NEWS FROM THE CELTIC LEAGUE
Any one who follows our CL News releases will see that we have a degree of scepticism about the wave of military hysteria that seems to be sweeping our country.
First of all back in the spring we had ‘military-fest’ on the promenade and the great ‘reserves’ debate’ I think using the MODs own figures we were able to demonstrate that the Reserves issue was only rolled out to the dependencies when it failed to meet targets set in the UK and the MOD were getting…well desperate.
The other irony about the reserves was that trained professional troops who wanted to continue service were being made compulsorily redundant (to reduce the frontline size of the British Army) while reserves were being recruited. I always thought it strange that people thought they were ‘supporting the troops’ by putting full-time personnel in the dole queue!
Then there was Juan running around in uniform (aka Juan Watterson MHK the Armed Forces Champion) and much warbling about ‘armed forces covenants’.
First of all Allan Bell rushed to enlist the government to the ‘covenant mania’ although what it means in practical terms is moot!
I see recently that Rushen Commissioners proudly announced that they were the first local authority to sign this – what it means I’m unsure. Do they organise the knitting of ‘comforts for the troops’?
The Celtic League start from an anti-militarist perspective so I suppose we are hostile. However I do have respect for human life and therefore over the years have via Celtic League have found myself an unlikely champion for truth in relation to incidents involving the deaths of service personnel and cadets the MOD would like to keep covered up.
For example we highlighted, as long ago the early 1980s, mystery surrounding the deaths of two airmen in a Hawk trainer jet which crashed on the north of the Isle of Man. The accident is still unexplained but our ferreting around eventually uncovered serious issues at the time with the Hawk trainer which subsequently underwent engine modifications. We also campaigned over a number of helicopter accidents in both N. Ireland and in Wales. At Padarn Lake in N. Wales 3 air cadets died.
More disturbing was the controversy surrounding the now closed Deepcut Army training centre where several inexplicable suicides occurred amongst young recruits.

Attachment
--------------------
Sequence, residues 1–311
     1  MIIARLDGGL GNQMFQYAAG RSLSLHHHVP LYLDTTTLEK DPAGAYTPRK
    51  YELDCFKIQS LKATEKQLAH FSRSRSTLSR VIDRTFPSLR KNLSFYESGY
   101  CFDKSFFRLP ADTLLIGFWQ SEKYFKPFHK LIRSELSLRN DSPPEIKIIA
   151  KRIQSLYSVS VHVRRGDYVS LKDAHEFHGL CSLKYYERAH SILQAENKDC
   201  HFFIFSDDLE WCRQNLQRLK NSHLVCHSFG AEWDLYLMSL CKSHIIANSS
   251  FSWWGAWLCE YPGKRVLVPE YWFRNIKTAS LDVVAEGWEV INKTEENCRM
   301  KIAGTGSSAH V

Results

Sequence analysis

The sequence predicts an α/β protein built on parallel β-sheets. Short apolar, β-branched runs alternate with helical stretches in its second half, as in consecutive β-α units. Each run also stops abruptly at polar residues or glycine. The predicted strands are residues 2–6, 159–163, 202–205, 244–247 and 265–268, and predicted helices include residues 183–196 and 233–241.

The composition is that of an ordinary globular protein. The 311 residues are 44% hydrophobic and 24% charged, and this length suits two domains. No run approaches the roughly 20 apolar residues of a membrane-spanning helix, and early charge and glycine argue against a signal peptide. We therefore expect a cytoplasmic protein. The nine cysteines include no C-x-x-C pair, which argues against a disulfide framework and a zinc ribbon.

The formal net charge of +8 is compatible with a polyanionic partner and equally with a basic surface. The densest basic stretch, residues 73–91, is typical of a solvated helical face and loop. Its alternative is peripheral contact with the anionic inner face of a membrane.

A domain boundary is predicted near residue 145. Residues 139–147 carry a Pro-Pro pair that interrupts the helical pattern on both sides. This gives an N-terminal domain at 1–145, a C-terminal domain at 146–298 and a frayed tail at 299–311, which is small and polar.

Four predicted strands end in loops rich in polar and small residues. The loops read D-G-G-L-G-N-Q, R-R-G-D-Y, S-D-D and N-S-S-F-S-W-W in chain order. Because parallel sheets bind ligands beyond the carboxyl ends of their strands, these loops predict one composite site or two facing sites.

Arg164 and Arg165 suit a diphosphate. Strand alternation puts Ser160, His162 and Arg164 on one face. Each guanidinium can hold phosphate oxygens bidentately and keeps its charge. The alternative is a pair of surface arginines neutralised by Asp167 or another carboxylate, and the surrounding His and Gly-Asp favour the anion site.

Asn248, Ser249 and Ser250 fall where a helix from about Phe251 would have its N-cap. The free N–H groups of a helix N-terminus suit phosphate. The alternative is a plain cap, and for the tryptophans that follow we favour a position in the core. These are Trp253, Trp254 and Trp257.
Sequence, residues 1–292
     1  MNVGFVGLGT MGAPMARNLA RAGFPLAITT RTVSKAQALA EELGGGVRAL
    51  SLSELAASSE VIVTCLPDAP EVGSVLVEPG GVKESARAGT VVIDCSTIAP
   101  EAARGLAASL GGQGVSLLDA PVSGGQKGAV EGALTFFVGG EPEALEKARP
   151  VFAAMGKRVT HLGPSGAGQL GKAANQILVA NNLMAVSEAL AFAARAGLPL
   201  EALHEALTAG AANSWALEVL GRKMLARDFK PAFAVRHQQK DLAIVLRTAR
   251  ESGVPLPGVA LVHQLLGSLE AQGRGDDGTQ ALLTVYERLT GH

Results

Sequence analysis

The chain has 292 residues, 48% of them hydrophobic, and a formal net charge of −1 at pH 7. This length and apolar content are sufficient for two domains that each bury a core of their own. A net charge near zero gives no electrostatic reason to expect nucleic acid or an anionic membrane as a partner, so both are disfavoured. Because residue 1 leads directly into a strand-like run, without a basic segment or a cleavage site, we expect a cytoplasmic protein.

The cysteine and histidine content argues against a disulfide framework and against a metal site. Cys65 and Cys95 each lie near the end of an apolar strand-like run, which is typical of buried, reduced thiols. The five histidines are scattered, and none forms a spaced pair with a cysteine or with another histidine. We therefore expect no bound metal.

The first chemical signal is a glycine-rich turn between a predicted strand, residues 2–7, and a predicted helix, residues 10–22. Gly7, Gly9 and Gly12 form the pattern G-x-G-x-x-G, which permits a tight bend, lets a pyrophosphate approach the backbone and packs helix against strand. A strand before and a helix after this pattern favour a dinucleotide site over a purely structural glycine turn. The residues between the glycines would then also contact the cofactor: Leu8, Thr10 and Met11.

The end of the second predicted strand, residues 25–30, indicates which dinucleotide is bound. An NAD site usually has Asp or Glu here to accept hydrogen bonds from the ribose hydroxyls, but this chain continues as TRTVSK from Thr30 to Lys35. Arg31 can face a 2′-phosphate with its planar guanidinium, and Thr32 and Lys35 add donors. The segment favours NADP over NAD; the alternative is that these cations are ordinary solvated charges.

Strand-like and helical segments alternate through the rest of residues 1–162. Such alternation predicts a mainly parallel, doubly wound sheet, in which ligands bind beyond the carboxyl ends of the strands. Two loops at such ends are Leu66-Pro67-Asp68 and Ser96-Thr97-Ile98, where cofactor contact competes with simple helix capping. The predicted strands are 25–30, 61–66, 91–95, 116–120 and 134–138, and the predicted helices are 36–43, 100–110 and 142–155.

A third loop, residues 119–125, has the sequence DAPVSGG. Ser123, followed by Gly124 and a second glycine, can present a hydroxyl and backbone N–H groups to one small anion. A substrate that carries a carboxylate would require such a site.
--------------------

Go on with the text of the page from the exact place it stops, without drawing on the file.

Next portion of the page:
We also highlighted the propensity of the Ministry of Defence to dump people with drug problems or other trauma back into their communities without support although this is an issue that various charitable organisations are now addressing.
Even before the first Gulf War we had spoken out about the use of depleted uranium munitions in conventional conflict and I note today there is a suggestion that this could be a contributory factor in so called ‘Gulf War Syndrome’.
Of course we criticise the Military when there justification over environmental issues abuse or over the deaths of civilians including children in N Ireland or the well publicised incidents in Iraq.
However the biggest problem military personnel face is the MOD culture of cover-up and in that regard two incidents probably personify it most. The Kintyre Chinook crash and the loss of a Nimrod reconnaissance plane in Afghanistan. Between the two incidents over forty people died due to the failure of the MOD to maintain its duty of care.
I wonder will any of these organisations rushing to sign ‘covenants’ or becoming ‘armed forces champions’ speak out and confront the MOD on the serious problems facing armed forces personnel. If I was a serviceman I wouldn’t hold my breath!
Note: All files relating to Celtic League Military Monitoring including correspondence relating to the issues mentioned above are lodged with MNH Library
Issued by: The Celtic News
THE CELTIC LEAGUE INFORMATION SERVICE.
The Celtic League established in 1961 has branches in the six Celtic Countries. It promotes cooperation between the countries and campaigns on a range of political, cultural and environmental matters. It highlights human rights abuse, military activity and socio-economic issues